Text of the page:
Former emergency room physician Dr. Patrick Phillips has had his license to practice medicine in Ontario stripped by his regulator, the College of Physicians and Surgeons of Ontario (CPSO).
“Yesterday, I had the privilege of finally entering a plea of no contest in my case with the CPSO,” Phillips took to Twitter to explain.
A plea of no contest is made when the defendant does not want to admit guilt, yet does not dispute the charges.
Phillips was charged with multiple counts of professional misconduct and was ultimately declared incompetent by the same regulator that compelled the speech of medical professionals and held firm that all licensed physicians must unquestionably cling to COVID-related public health measures.
Phillips thanked his lawyer, Michael Alexander, and wished his colleagues Doctors Luchkiw and Trozzi well as they continue their legal fight for constitutional rights at the CPSO.
In upholding morality and ethical standards, Dr. Phillips began speaking on social media about the harms lockdowns were causing the residents of his community, including those coming into his local emergency department in northern Ontario.
Phillips became more well known after he publicly denounced the heavily filtered, bureaucratic, red tape riddled vaccine adverse events reporting system – calling it a risk to public safety.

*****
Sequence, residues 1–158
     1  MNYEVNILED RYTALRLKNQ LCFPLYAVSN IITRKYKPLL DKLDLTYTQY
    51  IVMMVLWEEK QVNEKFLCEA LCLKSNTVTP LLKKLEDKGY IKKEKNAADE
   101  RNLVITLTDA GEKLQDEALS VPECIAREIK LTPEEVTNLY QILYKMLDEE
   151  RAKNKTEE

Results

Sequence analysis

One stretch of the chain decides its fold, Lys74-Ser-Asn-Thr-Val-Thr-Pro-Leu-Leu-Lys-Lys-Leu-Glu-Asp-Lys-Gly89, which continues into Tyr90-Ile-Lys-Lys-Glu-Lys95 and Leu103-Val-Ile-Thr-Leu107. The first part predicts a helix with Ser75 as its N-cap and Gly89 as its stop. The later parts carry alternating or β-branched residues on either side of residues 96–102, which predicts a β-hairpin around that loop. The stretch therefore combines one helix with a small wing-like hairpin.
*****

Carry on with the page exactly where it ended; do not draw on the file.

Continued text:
He noted that public health depends on broad surveillance systems to determine post market safety and if the information is not being adequately inputted, then this hinders informed consent – especially when the novel injections were licensed under rolling submissions that require real-time data collection to establish safety on a rolling basis.
Other physicians whose licenses have been targeted by the CPSO allege that the college engages in criminal activity for treatment that they may not agree with.
It’s a decades old issue, as published in a report by Justice Michael Code titled ‘Medicine in Ontario needs “Glasnost.”’
It is now well established that the COVID-19 response inflicted more harm than it prevented and if so, skeptical doctors were right to question the narrative.